“The NPC’s decision to directly insert the national security legislation into Annex III of the Basic Law raises serious concerns about human rights protections,” the letter said.

“Without the requirement to comply with international human rights law, the vague terms in the proposed law leave it open to abuse by authorities to crack down on a wide range of rights and freedoms.”

List signatories to letter

2047 HK Monitor
Amnesty International
Article 19
Asia Monitor Resource Centre
Australia Hong Kong Link
Beyond the Boundary-Knowing and Concerns Intersex
Borderless Movement
Brisbane International Student Solidarity with Hong Kong
Canadian Friends of Hong Kong
Canberra Hong Kong Concern Group
China Criticism Society of Denmark
China Labour Bulletin
Chinese Human Rights Defenders
Chinese Human Rights Lawyers Concern Group
Christian Social Workers
Christians for Hong Kong Society
Citizen Power Initiatives for China
Citizens’ Radio
Civil Human Rights Front
Civil Rights Observer
Civil Society Development Resources Center
Covenants Watch
Equality Project
Forthright Caucus
Forum Worlds of Labour / Forum Arbeitswelten e.V.
Freedom House
Friends of Conscience
General communication worker union
Grassroot Cultural Centre
Hong Kong Affairs Association of Berkeley
Hong Kong Alliance in Support of Patriotic Democratic Movements of China
Hong Kong Christian Fellowship of Social Concern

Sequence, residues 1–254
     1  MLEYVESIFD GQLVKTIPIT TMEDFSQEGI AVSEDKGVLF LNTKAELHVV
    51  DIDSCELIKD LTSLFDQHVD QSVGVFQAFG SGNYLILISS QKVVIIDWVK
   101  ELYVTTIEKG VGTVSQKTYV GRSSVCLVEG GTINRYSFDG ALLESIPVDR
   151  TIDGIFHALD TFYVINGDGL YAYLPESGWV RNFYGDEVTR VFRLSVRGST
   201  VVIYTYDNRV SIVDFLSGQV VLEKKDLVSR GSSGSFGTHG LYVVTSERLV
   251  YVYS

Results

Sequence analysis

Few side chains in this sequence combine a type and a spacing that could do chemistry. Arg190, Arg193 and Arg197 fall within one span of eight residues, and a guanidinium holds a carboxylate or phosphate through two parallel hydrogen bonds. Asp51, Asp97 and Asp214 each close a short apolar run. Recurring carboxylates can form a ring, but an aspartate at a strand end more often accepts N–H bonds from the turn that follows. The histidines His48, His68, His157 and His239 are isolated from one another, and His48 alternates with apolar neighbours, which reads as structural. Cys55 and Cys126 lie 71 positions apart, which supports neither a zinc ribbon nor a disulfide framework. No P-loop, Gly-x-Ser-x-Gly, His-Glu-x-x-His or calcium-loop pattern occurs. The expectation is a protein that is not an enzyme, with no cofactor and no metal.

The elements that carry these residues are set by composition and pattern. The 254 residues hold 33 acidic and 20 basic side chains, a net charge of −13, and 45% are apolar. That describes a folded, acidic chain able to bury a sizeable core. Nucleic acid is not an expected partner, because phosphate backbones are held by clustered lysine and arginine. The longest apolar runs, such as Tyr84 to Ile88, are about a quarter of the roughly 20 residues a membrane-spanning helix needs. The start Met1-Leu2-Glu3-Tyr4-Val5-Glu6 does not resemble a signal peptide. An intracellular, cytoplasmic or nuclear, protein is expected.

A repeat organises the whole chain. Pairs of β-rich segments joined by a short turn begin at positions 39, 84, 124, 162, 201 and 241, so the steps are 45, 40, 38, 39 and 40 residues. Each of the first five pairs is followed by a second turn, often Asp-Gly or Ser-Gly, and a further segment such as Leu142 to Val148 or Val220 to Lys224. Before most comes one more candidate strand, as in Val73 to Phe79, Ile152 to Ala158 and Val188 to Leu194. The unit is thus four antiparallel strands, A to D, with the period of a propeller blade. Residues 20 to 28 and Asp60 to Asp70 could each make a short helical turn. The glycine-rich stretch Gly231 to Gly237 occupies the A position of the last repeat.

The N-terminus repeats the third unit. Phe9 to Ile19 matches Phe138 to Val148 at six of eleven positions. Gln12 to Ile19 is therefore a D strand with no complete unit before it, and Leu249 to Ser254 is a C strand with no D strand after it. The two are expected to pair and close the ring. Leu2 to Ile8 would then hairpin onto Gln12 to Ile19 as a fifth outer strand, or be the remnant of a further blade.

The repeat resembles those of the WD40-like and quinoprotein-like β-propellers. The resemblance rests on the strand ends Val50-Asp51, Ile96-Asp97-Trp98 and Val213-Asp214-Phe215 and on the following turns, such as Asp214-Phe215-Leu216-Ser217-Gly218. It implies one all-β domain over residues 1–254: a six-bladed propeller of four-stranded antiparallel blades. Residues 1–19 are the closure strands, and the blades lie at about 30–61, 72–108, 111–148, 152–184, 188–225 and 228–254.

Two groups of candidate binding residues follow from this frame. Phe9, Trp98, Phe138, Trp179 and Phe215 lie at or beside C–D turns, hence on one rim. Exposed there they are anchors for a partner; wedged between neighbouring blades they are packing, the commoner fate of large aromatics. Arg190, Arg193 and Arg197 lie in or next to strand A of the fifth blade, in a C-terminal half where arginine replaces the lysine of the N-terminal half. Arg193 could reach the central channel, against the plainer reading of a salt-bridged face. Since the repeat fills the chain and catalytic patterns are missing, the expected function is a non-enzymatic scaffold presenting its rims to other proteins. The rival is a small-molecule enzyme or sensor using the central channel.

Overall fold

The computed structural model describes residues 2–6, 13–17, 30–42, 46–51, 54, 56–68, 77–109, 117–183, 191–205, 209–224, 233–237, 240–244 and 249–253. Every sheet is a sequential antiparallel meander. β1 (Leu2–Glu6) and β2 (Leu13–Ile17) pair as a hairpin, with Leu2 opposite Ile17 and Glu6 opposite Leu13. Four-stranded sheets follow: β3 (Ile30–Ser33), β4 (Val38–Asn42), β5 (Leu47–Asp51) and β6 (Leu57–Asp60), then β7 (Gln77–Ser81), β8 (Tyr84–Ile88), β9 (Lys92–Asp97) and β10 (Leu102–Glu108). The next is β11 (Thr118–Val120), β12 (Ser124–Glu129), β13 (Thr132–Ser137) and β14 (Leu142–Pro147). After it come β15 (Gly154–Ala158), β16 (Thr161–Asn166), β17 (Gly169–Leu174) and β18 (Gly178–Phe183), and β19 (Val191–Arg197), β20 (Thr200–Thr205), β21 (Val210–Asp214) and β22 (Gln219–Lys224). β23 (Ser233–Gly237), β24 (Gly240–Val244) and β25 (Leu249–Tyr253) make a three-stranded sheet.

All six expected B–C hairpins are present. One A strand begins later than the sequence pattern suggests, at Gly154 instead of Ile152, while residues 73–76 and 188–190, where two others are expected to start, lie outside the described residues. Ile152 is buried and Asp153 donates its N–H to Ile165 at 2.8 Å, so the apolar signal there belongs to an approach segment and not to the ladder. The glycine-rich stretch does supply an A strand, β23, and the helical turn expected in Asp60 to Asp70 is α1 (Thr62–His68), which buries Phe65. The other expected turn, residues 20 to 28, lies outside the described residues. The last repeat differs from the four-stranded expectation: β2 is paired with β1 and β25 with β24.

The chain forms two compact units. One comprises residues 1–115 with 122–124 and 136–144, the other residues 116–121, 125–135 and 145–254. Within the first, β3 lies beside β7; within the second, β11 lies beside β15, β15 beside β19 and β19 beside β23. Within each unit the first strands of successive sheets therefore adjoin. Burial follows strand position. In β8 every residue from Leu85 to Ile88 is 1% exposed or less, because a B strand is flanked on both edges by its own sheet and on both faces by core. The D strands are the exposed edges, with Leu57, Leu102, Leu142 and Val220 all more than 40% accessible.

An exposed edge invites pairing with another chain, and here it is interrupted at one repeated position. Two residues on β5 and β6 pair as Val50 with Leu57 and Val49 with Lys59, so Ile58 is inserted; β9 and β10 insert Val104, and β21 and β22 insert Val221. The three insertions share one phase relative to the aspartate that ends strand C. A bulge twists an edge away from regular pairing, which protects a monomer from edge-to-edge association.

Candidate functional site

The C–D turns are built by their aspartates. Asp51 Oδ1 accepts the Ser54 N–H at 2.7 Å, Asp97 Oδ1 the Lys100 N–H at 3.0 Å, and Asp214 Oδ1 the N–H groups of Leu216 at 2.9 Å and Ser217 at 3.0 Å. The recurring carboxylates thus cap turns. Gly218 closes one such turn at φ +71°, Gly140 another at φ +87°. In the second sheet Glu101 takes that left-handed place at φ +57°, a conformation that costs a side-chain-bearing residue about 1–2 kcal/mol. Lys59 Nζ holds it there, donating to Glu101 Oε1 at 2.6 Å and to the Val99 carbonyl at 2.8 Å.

Hong Kong Christian Institute
Hong Kong Committee in Norway
Hong Kong Confederation of Trade Unions
Hong Kong Forum, Los Angeles
Hong Kong Human Rights Monitor
Hong Kong Sheng Kung Hui Welfare Council Workers Trade Union
Hong Kong Unison Limited
Human Rights in China
Human Rights Network for Tibet and Taiwan
Human Rights Watch
Humanitarian China
International Bar Association’s Human Rights Institute
International Human Rights Council – Hong Kong
International Service for Human Rights
Justice and Peace Commission of the HK Catholic Diocese
Kwai Chung Estate Christian Basic Community
Labour Education and Service Network
McMaster Stands With HK
Netherlands for Hong Kong
New School for Democracy
New Yorkers Supporting Hong Kong
Northern California Hong Kong Club
One Body in Christ
Open Data Hong Kong
Planet Ally
Power for Democracy
Progressive Lawyers Group
Queer Theology Academy
Rainbow Action
Reclaiming Social Work Movement
Reporters Without Borders
Retail, Commerce and Clothing Industries General Union
Right of Abode University
Scholars’ Alliance for Academic Freedom
Sheng Kung Hui Lady MacLehose Centre Staff Social Movement Concern Group
Sounds of the Silenced
SRACP Staffs Union
Taiwan Alliance to End the Death Penalty
Taiwan Association for Human Rights
Taiwan East Turkestan Association
The Academic Staff Association of The Education University of Hong Kong
The Association for the Advancement of Feminism
The Hong Kong Society for Asylum-seekers and refugees
The Norwegian Taiwanese Friendship Association
The Norwegian Tibet Committee
The Rights Practice
Torontonian HongKongers Action Group
TWGHs Staff Social Movement Concern Group
United Nations ECOSOC NGO International Career Support Association
Uyghur Human Rights Project
Vancouver Society in Support of Democratic Movement
Worker Empowerment
World Uyghur Congress